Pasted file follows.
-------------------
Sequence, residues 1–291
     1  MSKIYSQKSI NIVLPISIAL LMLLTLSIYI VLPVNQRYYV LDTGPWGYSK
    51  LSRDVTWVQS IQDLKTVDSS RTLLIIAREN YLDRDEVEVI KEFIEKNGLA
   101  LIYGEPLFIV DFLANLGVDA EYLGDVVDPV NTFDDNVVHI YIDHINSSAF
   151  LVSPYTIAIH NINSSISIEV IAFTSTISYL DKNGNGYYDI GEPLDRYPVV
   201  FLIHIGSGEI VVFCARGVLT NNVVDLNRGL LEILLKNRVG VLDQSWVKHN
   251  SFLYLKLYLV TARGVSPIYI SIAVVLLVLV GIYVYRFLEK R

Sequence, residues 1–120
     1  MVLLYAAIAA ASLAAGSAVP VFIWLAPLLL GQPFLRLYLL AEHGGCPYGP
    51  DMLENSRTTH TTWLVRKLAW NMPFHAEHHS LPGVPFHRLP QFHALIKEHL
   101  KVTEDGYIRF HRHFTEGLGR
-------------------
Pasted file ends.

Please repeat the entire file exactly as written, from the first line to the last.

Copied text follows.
Sequence, residues 1–291
     1  MSKIYSQKSI NIVLPISIAL LMLLTLSIYI VLPVNQRYYV LDTGPWGYSK
    51  LSRDVTWVQS IQDLKTVDSS RTLLIIAREN YLDRDEVEVI KEFIEKNGLA
   101  LIYGEPLFIV DFLANLGVDA EYLGDVVDPV NTFDDNVVHI YIDHINSSAF
   151  LVSPYTIAIH NINSSISIEV IAFTSTISYL DKNGNGYYDI GEPLDRYPVV
   201  FLIHIGSGEI VVFCARGVLT NNVVDLNRGL LEILLKNRVG VLDQSWVKHN
   251  SFLYLKLYLV TARGVSPIYI SIAVVLLVLV GIYVYRFLEK R

Sequence, residues 1–120
     1  MVLLYAAIAA ASLAAGSAVP VFIWLAPLLL GQPFLRLYLL AEHGGCPYGP
    51  DMLENSRTTH TTWLVRKLAW NMPFHAEHHS LPGVPFHRLP QFHALIKEHL
   101  KVTEDGYIRF HRHFTEGLGR